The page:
Holochain Forum

Forum AMA w/Founder Sid, Jethro, and Armando on Thursday, 9/12 @ 10AM EST (2PM UTC)

Submit your questions before the Forum AMA (text-based) on Thursday, September 12th @ 10AM EST (2PM UTC). The Sacred Capital team will answer between 10AM-11AM EST. This AMA thread is now closed. If you have questions after the planned AMA, feel free to ask them here.

We’re posting details about our project over the next few days on this thread. Leave your questions as a Reply, and we’ll address them during the scheduled AMA.

6 Likes

Posting some qns here ahead of AMA: Could you share how reputation staking works? and why would it be easier for users to build reputation through your app VS user’s own activities/interaction within their app? and more details on revenue model?

2 Likes

Rep%20gif%205

What is the Reputation Economy?

Distributed ledgers are enabling a peer to peer paradigm, but there’s something more afoot. We’re witnessing the foundations of a whole new economy being built on the basis of reputation.

It’s an economic system that lets you accelerate engagements, spark new kinds of interactions and interplay with money on the basis of context. It’s a wealth system that’s centred around you.

If you’re an app-creator or an individual enthusiastic about the new economy - stay tuned - we’re about to release more details ahead of our AMA!

2 Likes

Distributed networks don’t always have the benefit of overarching regulatory systems or centralised algorithms to guide our interactions. But instead, they rely on underlying reputations so that people can seek each other out and engage in whole new ways.

In the late 1930’s, principles of Distributed economics were expounded upon by Gandhian economists such as J. C. Kumarappa and furthered by E. F Schumacher. The crux of their work was this - Reputation, when built as an economy can foster fascinating new P2P interactions.

So what does this mean for you?

If you’re an entrepreneur building in Holochain’s Agent Centric environment, you can leverage Reputation systems to engage your users in a radically different manner. Reputation Labs helps you design and architect reputation specifically for your applications.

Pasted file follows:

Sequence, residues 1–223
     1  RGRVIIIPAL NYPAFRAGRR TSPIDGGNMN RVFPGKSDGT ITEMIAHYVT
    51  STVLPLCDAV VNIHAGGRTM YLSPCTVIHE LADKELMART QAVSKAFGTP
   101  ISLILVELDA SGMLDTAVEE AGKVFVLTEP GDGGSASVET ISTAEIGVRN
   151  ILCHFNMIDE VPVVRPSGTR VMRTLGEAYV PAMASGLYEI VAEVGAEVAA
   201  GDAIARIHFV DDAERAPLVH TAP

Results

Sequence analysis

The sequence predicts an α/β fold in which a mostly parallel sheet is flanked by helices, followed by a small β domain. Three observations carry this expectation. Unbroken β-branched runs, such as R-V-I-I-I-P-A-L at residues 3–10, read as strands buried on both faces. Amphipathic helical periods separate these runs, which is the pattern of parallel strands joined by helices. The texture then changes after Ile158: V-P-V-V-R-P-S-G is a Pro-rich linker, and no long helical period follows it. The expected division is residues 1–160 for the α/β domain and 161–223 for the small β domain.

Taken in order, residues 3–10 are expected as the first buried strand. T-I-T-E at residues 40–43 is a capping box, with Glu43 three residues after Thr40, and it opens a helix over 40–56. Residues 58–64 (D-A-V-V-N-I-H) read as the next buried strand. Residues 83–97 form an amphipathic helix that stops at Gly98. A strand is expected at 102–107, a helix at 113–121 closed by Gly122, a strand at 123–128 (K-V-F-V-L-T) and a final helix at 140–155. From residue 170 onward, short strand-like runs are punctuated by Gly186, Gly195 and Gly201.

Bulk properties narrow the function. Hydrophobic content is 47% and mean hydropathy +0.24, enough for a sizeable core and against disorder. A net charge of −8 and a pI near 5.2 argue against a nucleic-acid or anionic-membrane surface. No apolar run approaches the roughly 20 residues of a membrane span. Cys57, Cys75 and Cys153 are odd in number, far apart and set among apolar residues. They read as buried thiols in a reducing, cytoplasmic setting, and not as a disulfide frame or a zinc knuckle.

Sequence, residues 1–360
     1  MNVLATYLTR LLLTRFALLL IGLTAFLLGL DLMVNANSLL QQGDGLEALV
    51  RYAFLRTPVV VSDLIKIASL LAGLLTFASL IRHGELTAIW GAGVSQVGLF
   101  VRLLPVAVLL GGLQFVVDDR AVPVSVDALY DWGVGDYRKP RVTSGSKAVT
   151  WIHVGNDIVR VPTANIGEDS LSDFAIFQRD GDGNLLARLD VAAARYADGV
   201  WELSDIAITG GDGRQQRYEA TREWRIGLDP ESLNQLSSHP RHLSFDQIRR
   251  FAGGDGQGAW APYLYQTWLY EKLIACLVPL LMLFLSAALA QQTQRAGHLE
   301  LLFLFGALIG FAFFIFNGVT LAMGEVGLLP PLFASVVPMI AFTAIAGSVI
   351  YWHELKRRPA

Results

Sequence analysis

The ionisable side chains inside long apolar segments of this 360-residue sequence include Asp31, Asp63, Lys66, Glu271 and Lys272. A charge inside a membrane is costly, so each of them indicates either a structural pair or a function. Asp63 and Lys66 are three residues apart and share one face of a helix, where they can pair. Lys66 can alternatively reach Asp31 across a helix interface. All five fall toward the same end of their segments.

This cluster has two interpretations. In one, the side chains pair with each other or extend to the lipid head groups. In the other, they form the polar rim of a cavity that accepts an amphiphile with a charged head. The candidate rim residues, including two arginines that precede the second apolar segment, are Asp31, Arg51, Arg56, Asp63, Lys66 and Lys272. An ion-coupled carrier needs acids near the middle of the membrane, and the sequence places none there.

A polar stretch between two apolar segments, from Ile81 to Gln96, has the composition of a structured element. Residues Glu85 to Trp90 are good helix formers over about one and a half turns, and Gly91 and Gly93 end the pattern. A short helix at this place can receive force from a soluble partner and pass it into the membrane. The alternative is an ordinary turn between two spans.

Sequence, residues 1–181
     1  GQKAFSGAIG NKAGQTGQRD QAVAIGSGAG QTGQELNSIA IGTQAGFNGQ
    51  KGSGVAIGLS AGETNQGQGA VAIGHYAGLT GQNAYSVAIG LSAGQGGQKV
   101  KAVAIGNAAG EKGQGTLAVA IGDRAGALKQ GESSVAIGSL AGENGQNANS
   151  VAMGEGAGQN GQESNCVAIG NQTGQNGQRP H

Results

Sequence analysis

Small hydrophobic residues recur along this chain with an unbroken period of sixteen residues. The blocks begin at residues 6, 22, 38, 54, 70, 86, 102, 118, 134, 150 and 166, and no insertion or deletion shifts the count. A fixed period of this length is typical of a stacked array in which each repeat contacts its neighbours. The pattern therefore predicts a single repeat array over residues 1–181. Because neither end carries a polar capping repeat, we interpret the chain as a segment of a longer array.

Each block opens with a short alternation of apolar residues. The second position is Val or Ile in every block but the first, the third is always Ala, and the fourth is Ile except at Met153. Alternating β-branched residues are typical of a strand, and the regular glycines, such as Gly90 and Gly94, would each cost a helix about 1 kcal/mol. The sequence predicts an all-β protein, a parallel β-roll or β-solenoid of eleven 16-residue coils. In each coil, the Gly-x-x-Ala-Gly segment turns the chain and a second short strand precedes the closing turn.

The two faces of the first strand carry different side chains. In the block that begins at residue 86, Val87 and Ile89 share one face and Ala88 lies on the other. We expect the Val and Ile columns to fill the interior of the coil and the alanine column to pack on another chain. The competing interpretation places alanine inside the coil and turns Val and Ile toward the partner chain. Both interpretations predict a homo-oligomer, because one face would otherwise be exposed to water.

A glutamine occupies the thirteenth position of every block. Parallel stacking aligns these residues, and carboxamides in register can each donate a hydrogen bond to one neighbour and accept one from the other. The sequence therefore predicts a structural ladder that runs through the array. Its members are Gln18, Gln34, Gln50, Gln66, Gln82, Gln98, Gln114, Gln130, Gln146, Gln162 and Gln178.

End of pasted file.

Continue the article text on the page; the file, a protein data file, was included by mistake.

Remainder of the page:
The Reputation Interchange helps individuals navigate this new economic system in a truly agent centric way. It’s a set of standards, staking protocols and dashboards that let you harness the power of your reputation across applications!

If you have a question for the AMA, drop it in the thread below.

3 Likes

The Distributed Web is fundamentally suited to bringing the reputation economy alive. Why? The agent centric nature of applications means data isn’t locked in silos. A user now has the freedom to expose data and reputation across apps in a fluid, hyper-collaborative manner.

That implies you don’t enter each application with a blank sanitised slate, awaiting a centralised algorithm to show you the next post or blog. By leveraging the reputation economy, you can lean on existing relationships to guide your engagement in the app you’ve just downloaded.

As an entrepreneur, it means you don’t need to build centralised algorithms to define your user experience. By importing reputations you can accelerate engagements between users, even without holding a universal snapshot of data.

3 Likes

AMA question: In your interview The Yin and Yang of Wealth you say:

“We now know that the problems of climate change, lack of emotional well-being, and inequity can’t be solved with material capital alone. They require organised efforts to facilitate cultural shifts, re-building social fabric, information sharing and more.”

How do you see reputational currencies contributing to the resolution of such problems?

3 Likes

Is there not a danger that reputational currencies will only create a different type of inequality - one based on reputation?

3 Likes

Also in the interview:

“A formal reputation economy will allow us to think of organisations as dynamic and evolutionary instead of static.”

How, exactly, will a reputation economy help us to think of organisations as dynamic and evolutionary instead of static?

3 Likes

I love what you guys are doing and was great chatting the other day! :slight_smile:

As I said on the call, my main concern is sometimes misunderstandings and mis-communications can occur and then its like that person will have a black mark against their name for all eternity? Then people would avoid working with them and they will be at a disadvantage, which could have a snowball kind of effect. We need a way of building in forgiveness and compassion into the system so everyone has a chance to earn a good reputation regardless of any mistakes or misunderstandings that have occurred in the past…

But at the same time I presume they would have the opportunity to redeem themselves? I feel there needs to be some kind of appeal process if people feel they have been given an unfair score/rating that is being used against them. We also need a way of verifying that the score is valid and accurate and not made up to promote themselves or business and to disadvantage their competitor, etc…

Saying that, I am a big fan of this and feel it is the future and is why we will be using this for the Karma system in the OASIS API system for Our World… :slight_smile:

4 Likes

Can you please expand on the relative reputation score (context) as well as staking? Thank you. :slight_smile: